Seen from South Tufa
Mono Lake is a large, shallow saline lake in Mono County, California.
The lake has been formed at least 760,000 years ago as a terminal lake in a basin that has no outlet to the ocean. Because it lacks an outlet, dissolved salts make the lake very alkaline and saline.
Perhaps the most intriguing of Mono Lake's phenomena are the tufa (pronounced "toofah") towers visible along much of the shoreline. Tufa are made from calcium carbonate which makes its way into the lake from underground springs. The calcium and carbonate combine to form limestone which builds up over time around the lake bottom spring openings. Declining lake levels have exposed the tufa towers we see today. Some of these tufa towers are up to 30 feet high.
This desert lake has an unusually productive ecosystem based on brine shrimp that thrive in its waters, and provides critical nesting habitat for two million annual migratory birds that feed on the shrimp. Mono Lake is also notable for containing GFAJ-1, a rod-shaped extremophilic species of bacteria that may be capable of metabolizing the usually poisonous element arsenic.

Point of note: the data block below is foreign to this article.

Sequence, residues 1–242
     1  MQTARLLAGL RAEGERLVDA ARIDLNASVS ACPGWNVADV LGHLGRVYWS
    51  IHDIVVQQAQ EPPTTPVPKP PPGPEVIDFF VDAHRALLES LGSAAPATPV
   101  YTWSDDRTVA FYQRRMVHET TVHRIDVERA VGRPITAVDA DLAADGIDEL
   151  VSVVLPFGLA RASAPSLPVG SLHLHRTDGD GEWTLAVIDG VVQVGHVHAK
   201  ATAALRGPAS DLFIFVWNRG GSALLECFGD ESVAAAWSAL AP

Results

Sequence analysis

The human history of Mono Lake is associated with its productive ecosystem. The native Kutzadika'a people derived nutrition from the larvae of the alkaline flies that live in the lake. When the city of Los Angeles diverted water from flowing into the lake, it lowered the lake level, which imperiled the migratory birds. The Mono Lake Committee formed in response, winning a legal battle that forced Los Angeles to partially restore the lake level.
Mono Lake is a geologist's paradise. Currently, Mono Lake is in a geologically active area at the north end of the Mono–Inyo Craters volcanic chain and is close to Long Valley Caldera. Volcanic activity continues in the Mono Lake vicinity: the most recent eruption occurred 350 years ago, resulting in the formation of Paoha Island. Panum Crater (on the south shore of the lake) is an excellent example of a combined rhyolite dome and cinder cone.